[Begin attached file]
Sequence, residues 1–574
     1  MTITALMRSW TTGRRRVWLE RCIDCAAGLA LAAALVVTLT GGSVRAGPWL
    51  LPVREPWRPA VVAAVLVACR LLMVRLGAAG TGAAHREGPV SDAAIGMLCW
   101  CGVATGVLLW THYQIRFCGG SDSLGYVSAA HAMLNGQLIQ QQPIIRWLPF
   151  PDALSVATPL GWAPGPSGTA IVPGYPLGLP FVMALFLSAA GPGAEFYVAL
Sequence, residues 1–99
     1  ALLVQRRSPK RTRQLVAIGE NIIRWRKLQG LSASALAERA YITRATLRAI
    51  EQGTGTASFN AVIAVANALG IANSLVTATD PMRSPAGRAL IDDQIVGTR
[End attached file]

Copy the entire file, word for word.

Sequence, residues 1–574
     1  MTITALMRSW TTGRRRVWLE RCIDCAAGLA LAAALVVTLT GGSVRAGPWL
    51  LPVREPWRPA VVAAVLVACR LLMVRLGAAG TGAAHREGPV SDAAIGMLCW
   101  CGVATGVLLW THYQIRFCGG SDSLGYVSAA HAMLNGQLIQ QQPIIRWLPF
   151  PDALSVATPL GWAPGPSGTA IVPGYPLGLP FVMALFLSAA GPGAEFYVAL
Sequence, residues 1–99
     1  ALLVQRRSPK RTRQLVAIGE NIIRWRKLQG LSASALAERA YITRATLRAI
    51  EQGTGTASFN AVIAVANALG IANSLVTATD PMRSPAGRAL IDDQIVGTR